Potorous platyops (Gould, 1844:103)

Broad-faced potoroo, Broad-faced rat-kangaroo, moda, Broad-toothed Potoroo (idiosyncratic) (used by CALM, 1995), moda (Noongar), ?ngandalla (Barngarla (Eyre Peninsula); Schürmann, 1844)



Taxonomy & Nomenclature

Synonym/s: Hypsiprymnus platyops Gould, 1844:103 (basionym); Potorous morgani Finlayson, 1938:135; Potorous platyops morgani Finlayson, 1938:135; Potorus platyops (Gould, 1844:103) [orth. error used by Fraser & Wells, 2006:152]


Conservation Status


Last record: 1874/5 or before (specimen); 1875 (Johnson, 2006:169; Fisher & Blomberg, 2012); 1976 or 1977 (possible unconfirmed report)

IUCN RedList status: Extinct


Modern reports

According to (Thornback & Jenkins, 1984):

"In 1977 it was reported that a recent intensive search for the species conducted by the Western Australian Department of Fisheries and Wildlife had failed to locate it, though in the same year there were reports of a small mammal seen by loggers clear-felling in the Shannon Basin which may have been this species or the western subspecies of the Long-nosed Potoroo ([b]Potorous tridactylus gilberti[/b]) which has also not been collected since the last century [(Anonymous, 1977)]." (p. 43)


That recent intensive search by the WA Department of Fisheries and Wildlife involved expeditions to islands off the south-west coast that had never been searched previously (Anonymous, 1976b).



Western Australia (historically) and South Australia (including Kangaroo Island) (prehistorically), Australia

Type locality: "Walyema Swamps near Northam, W.A. (=Lake Walyormouring, W.A.)" (Calaby & Richardson, 1988:58) / "Walyema Swamps, about forty miles north-east of Northam, Western Australia"


Anatomy & Morphology

Body mass: 800gm (Johnson, 2006:169).


Biology & Ecology

"Ecology: temperate, terrestrial"

(Calaby & Richardson, 1988:58)



Holotype: (skull) / BMNH (skin) (adult female) (Calaby & Richardson, 1988:58)


Syntypes (morgani):

SAM. P.168 ("partial skull & mandible" (Calaby & Richardson, 1988:58); "skull and partial skeleton")
SAM. P.3413 (partial skull) (Calaby & Richardson, 1988:58)

Historical records:

The first specimens were collected by John Gilbert in 1842-43 near Goomalling and King George's Sound, in the Wheatbelt and south-west of WA, respectively. Masters then collected four specimens at King George's Sound and the Pallinup River.

Five specimens were received by the National Museum, Victoria from dealers in 1874 and 1875 (Ride, 1970:199). These seem to be the last record of the species, as a report of a specimen sent to the Zoological Society of London in 1908 (Glauert, 1933:26; Troughton, 1957:165) is probably a misidentified juvenile Quokka (Setonix brachyurus) (Ride, 1970:199; Calaby, 1971).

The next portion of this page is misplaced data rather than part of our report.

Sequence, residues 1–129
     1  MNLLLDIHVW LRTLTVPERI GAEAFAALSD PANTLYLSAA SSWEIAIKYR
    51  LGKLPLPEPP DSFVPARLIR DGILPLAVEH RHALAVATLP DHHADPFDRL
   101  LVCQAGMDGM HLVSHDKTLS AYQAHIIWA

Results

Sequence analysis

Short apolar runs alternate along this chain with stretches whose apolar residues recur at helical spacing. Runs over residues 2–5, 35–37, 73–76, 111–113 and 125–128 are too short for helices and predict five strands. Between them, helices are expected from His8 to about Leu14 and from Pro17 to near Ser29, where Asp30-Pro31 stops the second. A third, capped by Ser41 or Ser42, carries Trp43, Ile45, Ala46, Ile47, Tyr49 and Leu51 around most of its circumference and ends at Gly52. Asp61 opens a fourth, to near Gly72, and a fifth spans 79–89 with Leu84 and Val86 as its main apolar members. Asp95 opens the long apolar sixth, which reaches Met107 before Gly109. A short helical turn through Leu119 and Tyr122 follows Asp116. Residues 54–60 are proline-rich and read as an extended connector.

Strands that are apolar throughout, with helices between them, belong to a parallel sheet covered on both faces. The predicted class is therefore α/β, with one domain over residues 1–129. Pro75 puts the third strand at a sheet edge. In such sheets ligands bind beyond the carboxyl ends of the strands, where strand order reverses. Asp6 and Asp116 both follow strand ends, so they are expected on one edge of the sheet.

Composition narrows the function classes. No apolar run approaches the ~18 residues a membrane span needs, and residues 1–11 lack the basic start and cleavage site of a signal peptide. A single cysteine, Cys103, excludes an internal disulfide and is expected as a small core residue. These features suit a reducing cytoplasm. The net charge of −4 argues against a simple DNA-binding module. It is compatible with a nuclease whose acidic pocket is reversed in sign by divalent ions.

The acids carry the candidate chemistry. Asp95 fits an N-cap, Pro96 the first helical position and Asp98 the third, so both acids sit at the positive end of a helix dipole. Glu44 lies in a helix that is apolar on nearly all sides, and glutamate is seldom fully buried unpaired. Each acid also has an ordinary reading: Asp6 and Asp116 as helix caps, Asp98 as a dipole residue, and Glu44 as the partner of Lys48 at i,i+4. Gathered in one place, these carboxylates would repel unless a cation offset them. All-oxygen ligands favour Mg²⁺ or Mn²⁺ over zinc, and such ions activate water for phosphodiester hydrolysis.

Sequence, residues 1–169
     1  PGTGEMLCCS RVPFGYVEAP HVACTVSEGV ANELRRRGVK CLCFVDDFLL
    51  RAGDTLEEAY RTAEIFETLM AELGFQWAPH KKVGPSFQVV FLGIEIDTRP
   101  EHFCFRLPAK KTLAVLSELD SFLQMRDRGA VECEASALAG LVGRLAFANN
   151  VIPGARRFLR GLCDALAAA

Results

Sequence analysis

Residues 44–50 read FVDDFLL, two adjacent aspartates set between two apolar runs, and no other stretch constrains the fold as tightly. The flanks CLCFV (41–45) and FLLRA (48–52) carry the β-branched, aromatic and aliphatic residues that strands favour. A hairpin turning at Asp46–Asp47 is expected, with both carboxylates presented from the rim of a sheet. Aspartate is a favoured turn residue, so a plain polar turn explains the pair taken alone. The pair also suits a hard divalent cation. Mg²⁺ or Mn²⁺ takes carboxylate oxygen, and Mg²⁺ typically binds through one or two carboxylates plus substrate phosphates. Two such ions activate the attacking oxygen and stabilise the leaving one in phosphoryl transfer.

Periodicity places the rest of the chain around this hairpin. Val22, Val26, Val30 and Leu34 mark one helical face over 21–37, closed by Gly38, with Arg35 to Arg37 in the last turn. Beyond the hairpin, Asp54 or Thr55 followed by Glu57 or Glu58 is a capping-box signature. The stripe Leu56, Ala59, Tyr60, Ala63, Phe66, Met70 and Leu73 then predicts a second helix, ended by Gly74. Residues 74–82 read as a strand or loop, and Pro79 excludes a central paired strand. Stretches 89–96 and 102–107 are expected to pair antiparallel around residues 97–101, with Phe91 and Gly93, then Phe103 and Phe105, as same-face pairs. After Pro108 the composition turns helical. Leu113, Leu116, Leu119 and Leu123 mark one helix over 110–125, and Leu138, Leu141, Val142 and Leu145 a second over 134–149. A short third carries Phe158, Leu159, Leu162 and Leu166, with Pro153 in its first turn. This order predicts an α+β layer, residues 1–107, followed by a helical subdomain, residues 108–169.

Prehistoric records

Remains from Yanchep, Western Australia were reported by (Archer, 1972). Butler and Merrilees (1971) reported remains from Bremer Bay in the same state. Kendrick & Porter (1974) a single molar tooth from north-western WA. Lundelius and Turnbull (1984) found the species in Madura Cave, same state. The only prehistoric mainland records from SA that I am aware of are (Wakefield, 1964; McDowell & Medlin, 2010; McDowell et al. 2012).


Kangaroo Island, South Australia

Another species of Potorous, P. morgani, was described from two subfossil skulls found in Kelly Hill Caves, Kangaroo Island, South Australia (Finlayson, 1938). Further remains of P. morgani were reported by (Cooper & Condon, 1947). However, this species was later synonymized with P. platyops (Ride, 1970:224; Calaby & Richardson, 1988), where it has since stayed. Additional specimens from the same site by Matthew McDowell, as well as from Cape du Couedic and Seton Rockshelter have been excavated (Haouchar et al. 2014; K. Walshe, pers. comm. May 2014).

Robinson and Kemper (1999) state:

"Since P. platyops is known only as a living animal from the south-west of Western Australia at the time of European settlement and no sightings were recorded of animals that fit its description, it is likely that it was already extinct on Kangaroo Island at that time." (p. 187)

More recent remains from Kangaroo Island have been reported by (Walshe, 2014) which show that it was present on Kangaroo Island post-European contact (contra Robinson & Kemper, 1999), and became extinct due to hunting pressure (K. Walshe, pers. comm. April 2014). The species may therefore be mentioned in early KI literature, however I know of no such mention, and clearly nor do (Robinson & Kemper, 1999:187).



Modern photos of the degraded habitat near Lake Walyormouring close to Goomalling where John Gilbert collected a specimen in 1842-43 have been taken by Dr. Rob Davis.



Original scientific description:

Gould, John. (1844). Exhibition and character of a number of animals, &c. transmitted from Australia by Mr. Gilbert. Proc. Zool. Soc. Lond. 1844: 103-107.


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